Fine machine for limited demand uses and if you like acidy light roasts and pungent dark roasts.
Positive Product Points
The white-based (newer model) Precision is easy to use, easy to clean, and for me, completely reliable. It's roasts are relatively immune to ambient air temp differences--I've used it down to about 46 degrees F on the same setting as I would use at 75 degrees F. Roasts very evenly and through the full range of roasts. Good chaff collector, too.
Negative Product Points
The small roast capacity (3 oz) became for me, something of a chore when I found myself roasting every day or every other day to meet the coffee and expresso needs of a two-person, coffee drinking household. As noted by others, the Precision is also noisy, making detection of the second crack particulary difficult. I found it works best if you dismantle the base and lubricate the bearing with machine oil about every 10-12 roasts (three screws--not a difficult job). Still loud but better, and I believe it extends the life of the machine.
After having run about 50 lbs through the Precision (what's that, 250+ roasts?) the machine still is running flawlessly (note oiling comment above). But I was tiring of daily or near daily roasting to meet the needs of a two person household and have now acquired a new Alpenrost (8 oz drum roaster) and relegated the Precision to a back-up role. If you buy roasted coffee and only want to supplement that with occasional home roasting, or for roasting special beans or blends, or if you are a single- person coffee household, the Precision would be ideal.
The Precision, being an air popper, roasts fast. However, dark roasts tend to be pungent while light roasts tend toward sharper acidity. That's fine if you like coffee that way (I don't) but not the best if you don't, or if you drink espresso or prefer deeper body and more complexity in a brewed coffee. If you do, a drum roaster or stove-top roaster might be a better idea than the Precision, Fresh Roast or any other air-popper. (I think that some of the complaints about home roasted coffee being "bitter" or "sharp" are from people who are not used to air-popped coffee and perhaps, don't like it's sharper or more pungent nature).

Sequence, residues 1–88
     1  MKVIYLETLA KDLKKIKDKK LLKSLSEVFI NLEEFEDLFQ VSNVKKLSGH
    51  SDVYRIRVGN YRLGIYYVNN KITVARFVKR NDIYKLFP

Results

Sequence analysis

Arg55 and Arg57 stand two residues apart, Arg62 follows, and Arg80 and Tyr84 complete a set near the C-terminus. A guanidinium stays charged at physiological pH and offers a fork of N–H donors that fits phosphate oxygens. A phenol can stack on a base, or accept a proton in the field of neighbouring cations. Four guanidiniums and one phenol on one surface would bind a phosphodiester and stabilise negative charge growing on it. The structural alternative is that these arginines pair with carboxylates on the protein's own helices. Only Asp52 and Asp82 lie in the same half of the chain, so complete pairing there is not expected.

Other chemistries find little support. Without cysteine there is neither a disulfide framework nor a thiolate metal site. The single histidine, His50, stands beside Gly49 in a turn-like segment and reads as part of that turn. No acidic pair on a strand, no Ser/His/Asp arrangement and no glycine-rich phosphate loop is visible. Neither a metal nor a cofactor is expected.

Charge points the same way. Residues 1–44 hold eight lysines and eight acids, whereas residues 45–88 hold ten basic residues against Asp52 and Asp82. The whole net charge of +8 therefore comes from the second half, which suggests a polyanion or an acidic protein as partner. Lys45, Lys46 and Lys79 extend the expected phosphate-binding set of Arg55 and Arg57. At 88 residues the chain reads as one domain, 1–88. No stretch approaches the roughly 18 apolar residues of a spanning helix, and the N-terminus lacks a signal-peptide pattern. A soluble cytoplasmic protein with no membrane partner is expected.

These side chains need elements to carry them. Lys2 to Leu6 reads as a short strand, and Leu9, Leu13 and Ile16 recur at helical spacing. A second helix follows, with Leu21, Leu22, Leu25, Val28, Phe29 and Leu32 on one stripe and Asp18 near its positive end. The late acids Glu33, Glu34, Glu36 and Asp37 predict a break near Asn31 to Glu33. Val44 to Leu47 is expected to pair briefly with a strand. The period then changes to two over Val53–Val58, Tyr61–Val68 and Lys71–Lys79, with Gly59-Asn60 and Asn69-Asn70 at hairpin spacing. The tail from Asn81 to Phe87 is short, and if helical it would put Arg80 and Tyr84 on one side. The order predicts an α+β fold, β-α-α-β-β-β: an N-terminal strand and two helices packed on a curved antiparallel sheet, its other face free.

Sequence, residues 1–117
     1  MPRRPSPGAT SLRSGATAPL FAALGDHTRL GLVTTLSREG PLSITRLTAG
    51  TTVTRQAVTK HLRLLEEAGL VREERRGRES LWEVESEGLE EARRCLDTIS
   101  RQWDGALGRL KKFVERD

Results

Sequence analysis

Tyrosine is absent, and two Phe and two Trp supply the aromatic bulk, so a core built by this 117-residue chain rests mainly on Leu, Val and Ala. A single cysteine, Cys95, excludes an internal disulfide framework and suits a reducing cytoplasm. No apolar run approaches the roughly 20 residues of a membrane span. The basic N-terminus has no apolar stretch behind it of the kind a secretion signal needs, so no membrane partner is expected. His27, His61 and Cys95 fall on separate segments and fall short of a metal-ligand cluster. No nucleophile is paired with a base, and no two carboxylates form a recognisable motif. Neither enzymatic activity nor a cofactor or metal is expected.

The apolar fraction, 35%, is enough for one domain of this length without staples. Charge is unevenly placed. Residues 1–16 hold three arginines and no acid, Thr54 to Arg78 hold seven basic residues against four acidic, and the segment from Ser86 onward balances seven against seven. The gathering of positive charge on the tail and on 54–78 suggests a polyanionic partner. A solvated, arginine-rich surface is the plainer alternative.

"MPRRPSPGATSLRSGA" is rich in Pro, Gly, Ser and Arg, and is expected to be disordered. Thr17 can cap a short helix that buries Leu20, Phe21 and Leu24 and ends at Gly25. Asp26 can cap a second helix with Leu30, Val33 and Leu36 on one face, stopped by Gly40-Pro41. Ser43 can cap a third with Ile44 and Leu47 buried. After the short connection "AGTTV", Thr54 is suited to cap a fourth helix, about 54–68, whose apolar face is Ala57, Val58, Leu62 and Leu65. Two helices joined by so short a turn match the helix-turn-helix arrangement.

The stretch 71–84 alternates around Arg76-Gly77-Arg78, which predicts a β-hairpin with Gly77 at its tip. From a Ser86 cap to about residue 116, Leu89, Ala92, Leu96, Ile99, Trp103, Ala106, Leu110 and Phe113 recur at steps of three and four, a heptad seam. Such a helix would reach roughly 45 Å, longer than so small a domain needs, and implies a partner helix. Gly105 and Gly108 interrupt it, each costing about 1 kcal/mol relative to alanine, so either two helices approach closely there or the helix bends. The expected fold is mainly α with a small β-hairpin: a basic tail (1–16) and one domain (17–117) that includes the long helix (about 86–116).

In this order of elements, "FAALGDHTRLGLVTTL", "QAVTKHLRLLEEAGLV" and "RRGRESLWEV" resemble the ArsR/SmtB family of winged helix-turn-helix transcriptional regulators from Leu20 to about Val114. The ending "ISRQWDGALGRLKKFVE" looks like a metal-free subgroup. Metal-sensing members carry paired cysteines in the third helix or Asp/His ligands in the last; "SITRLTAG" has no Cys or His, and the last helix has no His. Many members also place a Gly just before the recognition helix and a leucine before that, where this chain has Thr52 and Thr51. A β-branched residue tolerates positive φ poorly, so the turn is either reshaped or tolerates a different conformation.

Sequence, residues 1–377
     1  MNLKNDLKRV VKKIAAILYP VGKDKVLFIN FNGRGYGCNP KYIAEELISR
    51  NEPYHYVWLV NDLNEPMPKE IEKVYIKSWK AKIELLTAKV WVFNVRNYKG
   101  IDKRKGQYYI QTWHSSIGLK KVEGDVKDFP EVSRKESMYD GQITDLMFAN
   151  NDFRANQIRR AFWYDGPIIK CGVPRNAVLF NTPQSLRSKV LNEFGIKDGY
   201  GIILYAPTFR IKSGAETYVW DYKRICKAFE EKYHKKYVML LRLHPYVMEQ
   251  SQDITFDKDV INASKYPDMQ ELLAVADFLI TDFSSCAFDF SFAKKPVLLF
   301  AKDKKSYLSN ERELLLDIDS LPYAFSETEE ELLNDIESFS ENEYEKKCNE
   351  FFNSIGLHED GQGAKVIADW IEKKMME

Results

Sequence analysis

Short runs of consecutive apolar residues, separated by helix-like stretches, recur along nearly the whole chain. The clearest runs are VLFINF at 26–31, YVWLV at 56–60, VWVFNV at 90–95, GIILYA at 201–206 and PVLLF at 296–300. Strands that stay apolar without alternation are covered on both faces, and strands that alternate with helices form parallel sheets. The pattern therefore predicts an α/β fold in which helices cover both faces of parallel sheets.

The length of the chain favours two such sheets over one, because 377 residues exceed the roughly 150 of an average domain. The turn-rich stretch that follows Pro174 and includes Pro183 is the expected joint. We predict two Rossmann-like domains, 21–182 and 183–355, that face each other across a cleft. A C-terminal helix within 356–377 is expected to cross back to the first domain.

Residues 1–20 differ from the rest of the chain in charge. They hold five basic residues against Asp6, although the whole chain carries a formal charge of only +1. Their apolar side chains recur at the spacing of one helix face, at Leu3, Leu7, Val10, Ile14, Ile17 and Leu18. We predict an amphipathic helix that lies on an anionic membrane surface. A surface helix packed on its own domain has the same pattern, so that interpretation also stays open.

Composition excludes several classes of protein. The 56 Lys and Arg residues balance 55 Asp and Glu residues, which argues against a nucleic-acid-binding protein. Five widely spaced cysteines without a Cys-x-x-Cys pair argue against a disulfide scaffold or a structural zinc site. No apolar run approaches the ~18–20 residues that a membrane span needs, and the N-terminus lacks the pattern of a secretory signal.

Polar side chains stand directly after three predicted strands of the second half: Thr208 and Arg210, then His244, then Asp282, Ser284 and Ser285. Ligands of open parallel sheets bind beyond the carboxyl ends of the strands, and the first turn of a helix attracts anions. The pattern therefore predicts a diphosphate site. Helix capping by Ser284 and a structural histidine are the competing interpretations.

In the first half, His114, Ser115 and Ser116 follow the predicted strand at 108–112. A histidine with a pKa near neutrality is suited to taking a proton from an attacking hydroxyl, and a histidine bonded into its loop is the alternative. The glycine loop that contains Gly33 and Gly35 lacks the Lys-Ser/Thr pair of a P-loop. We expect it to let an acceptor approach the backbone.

Because of the noise, judging roast doneness is best accomplished by sight or smell with the Precision. The clear glass base and slow rolling bean movement make this easy to do. All parts that get gummed up are easy to clean and can be put in the dishwasher occasionally. In this regard, (visible roast clues, clean-up, chaff collector) the Precision is superior to the Alpenrost. In other regards such as quantity roasted, full bodied more mellow and complex taste (for me at least), the Alpenrost is superior.
I think that the bad press on Hearthware reliability is not warranted in regard to the white-based Precision-- particularly if you perform some bearing maintenance regularly as noted (not in the manual).
Originally bought from Sweet Marias with their usual fine service.
Three Month Followup
The Precision remains my back-up machine and the one I use occasionally to satisfy a whim for snappy, acidy coffee. I also find it useful to add a lighter roast, highlight coffee to a softer, darker espresso base roasted in the Alpenrost. The Precision is still completely reliable and is less fussy than the Alp in most respects.
I have noticed that beans in lighter roasts are not uniformly roasted. If you break apart a single bean you can often find the center to have a lighter color than the outside. Never happens in the Alp and I attribute it to the fast roast times in the Precision--and probably all other fast, fluid bed machines such as the even faster Fresh Roast as well.
It appears that the Precision may have gone out of production. Sweet Marias now lists it as unavailable and has replaced it with the older HW Gourmet. Pity--if you can find one, the white-based Precision is undoubtedly a better machine.